Industrial Food Corporations
Attack VT’s GMO Labeling Law
Friday June 13, 2014
Rally to Defend Vermont’s New GMO Labeling Law
WHEN: Monday June 16, 2014 at 2:00PM
WHERE: Church Street, Burlington
– in front of the Ben & Jerry’s Scoop Shop
WHO: Vermonters who care about what’s in their food
Rural Vermont, a foundin
g member of the Vermont Right to Know Coalition, invites everyone who cares about your right to know what’s in your food to join us for a rally in support of Vermont as we defend our new GMO Labeling Law.
Yesterday, the Grocery Manufacturers Association (GMA) and a host of their industrial food corporate allies filed a lawsuit in federal court calling for Vermont’s GMO Labeling Law to be struck down.
The rally is being organized collaboratively by Ben & Jerry’s, the Governor’s Office, and the Vermont Right to Know Coalition. The goal of the rally is to demonstrate broad support for Vermont’s new GMO Labeling Law and to promote the Vermont Food Fight Fund.
Ben & Jerry’s will unveil a new ice cream flavor that will help support the VT Food Fight Fund and of course, free samples will be available.
A state that would outlaws fracking and yet allows the transport of fracked gas through its boarders is complicit and has only outlawed this practice as a facade. The public good of Vermont has spoken. This is not the solution to our energy needs.
Excerpt from Barre Montpelier Times Argus below –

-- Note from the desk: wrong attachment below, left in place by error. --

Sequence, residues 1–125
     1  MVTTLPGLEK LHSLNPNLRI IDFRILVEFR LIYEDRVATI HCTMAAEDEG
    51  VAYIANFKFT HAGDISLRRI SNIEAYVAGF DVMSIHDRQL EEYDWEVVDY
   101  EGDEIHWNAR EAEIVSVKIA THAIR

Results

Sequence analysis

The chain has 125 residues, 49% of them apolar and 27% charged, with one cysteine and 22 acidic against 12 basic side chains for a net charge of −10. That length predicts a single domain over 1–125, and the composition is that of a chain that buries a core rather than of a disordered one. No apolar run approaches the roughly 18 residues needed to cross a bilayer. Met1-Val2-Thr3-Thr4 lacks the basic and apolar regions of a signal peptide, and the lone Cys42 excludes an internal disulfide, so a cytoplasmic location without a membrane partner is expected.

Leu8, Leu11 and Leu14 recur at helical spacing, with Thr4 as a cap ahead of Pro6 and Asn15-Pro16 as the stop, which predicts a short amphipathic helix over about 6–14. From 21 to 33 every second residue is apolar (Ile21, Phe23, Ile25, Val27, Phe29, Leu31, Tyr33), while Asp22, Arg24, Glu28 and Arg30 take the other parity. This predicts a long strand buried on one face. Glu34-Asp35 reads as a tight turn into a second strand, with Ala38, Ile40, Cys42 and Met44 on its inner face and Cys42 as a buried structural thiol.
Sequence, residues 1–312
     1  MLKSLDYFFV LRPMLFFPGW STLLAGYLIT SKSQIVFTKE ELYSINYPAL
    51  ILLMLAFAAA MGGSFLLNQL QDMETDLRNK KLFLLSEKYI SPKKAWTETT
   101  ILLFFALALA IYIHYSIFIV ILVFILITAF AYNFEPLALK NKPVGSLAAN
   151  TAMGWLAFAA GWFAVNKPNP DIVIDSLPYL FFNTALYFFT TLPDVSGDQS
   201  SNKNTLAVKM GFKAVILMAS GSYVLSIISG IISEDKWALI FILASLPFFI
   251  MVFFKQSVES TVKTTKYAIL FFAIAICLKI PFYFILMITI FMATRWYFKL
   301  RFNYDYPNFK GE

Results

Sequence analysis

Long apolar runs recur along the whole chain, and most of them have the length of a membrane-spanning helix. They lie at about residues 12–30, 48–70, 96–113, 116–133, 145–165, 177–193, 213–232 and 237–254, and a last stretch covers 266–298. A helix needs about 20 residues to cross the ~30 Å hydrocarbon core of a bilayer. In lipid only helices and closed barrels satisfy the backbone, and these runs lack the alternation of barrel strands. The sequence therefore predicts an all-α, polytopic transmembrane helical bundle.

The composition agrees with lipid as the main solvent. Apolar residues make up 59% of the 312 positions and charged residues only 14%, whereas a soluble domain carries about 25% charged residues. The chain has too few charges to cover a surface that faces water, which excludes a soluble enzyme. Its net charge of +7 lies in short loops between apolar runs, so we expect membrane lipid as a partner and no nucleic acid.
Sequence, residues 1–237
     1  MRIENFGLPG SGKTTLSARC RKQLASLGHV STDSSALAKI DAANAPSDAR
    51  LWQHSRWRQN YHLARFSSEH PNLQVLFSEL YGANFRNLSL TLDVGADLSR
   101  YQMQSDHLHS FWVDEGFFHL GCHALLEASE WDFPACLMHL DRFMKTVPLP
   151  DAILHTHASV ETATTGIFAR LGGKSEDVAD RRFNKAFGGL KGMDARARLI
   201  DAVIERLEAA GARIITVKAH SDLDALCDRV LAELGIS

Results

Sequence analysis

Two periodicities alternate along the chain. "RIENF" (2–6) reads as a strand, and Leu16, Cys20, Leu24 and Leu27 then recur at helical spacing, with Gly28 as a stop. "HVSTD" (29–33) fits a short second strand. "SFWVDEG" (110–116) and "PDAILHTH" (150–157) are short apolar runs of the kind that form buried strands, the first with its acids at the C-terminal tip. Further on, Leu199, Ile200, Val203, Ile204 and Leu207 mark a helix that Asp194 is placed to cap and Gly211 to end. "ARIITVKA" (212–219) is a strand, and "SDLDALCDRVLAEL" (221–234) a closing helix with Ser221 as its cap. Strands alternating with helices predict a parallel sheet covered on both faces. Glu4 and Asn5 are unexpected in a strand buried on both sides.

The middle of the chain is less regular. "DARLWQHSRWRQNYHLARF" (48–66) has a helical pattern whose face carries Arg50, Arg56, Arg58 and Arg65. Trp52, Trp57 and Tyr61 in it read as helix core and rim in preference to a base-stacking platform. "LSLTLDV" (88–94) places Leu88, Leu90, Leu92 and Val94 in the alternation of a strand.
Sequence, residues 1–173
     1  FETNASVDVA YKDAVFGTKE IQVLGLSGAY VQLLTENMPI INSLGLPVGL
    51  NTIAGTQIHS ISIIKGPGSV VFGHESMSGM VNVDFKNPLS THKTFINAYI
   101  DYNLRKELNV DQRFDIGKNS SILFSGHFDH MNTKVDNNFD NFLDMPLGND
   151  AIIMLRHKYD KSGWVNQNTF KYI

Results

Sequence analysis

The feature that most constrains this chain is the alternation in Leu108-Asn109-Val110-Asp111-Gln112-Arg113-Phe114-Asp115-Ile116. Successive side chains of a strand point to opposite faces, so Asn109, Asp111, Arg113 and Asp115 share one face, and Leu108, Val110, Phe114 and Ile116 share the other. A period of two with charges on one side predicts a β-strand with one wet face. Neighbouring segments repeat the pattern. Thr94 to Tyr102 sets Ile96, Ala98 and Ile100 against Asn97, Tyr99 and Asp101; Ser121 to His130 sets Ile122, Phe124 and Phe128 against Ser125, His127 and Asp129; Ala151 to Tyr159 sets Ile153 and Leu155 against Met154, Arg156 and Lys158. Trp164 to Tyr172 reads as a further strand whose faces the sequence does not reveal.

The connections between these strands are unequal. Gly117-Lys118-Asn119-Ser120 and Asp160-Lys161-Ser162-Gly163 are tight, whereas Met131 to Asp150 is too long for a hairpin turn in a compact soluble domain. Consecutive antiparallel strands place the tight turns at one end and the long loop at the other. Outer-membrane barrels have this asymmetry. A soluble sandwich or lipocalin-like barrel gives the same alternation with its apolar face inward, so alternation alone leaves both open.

Opponents showed up in large numbers Thursday for the second of two public hearings on the proposed natural gas pipeline that would serve the International Paper mill in Ticonderoga, New York.
Opponents of Phase II of the Vermont Gas Systems project cited a litany of mostly environmental, but also economic and moral, reasons the Public Service Board should deny a permit that would extend the pipeline from Middlebury, southwest to Shoreham and Cornwall, and under Lake Champlain, to the IP plant.
At the start of the three-hour hearing Thursday at Middlebury Union High School, 80 people, almost all opponents, had signed up to speak.
Many in the auditorium were wearing “Stop the Fracked Gas Pipeline” stickers.
Morris Palmer, of North Ferrisburgh, said human excess has left a burden for his generation. “I’m 23 years old and I’m a little pissed because your generation got to enjoy cheap fossil fuel without having to worry about things like climate change,” Palmer said.
Climate change and the environment were on the minds of others who spoke.
A Middlebury woman expressed concern about the future of Lake Champlain and the thousands of people who depend upon the lake for their drinking water.
She said burying the pipeline under the lake would stir up toxins from the IP plant that have “remained in the sediment for decades.”
“So what we’re considering is threatening the health of Lake Champlain and the drinking water supply of nearly 200,000 people for the sake of a handful of Phase II gas customers,” she said.
She also said the pipeline could also have a negative impact on tourism in Vermont and New York.
Another person, citing Section 248 criteria, said the pipeline does not meet the public good and will have adverse effects on public health and the environment.
read the full article here – http://www.timesargus.com/article/20140614/NEWS03/706149920
link to the petition – http://www.change.org/petitions/governor-peter-shumlin-stop-the-vermont-gas-pipeline
and the Stop VT Pipline FB page – https://www.facebook.com/pages/Stop-the-Vermont-Gas-Pipeline/242450002563631?directed_target_id=0v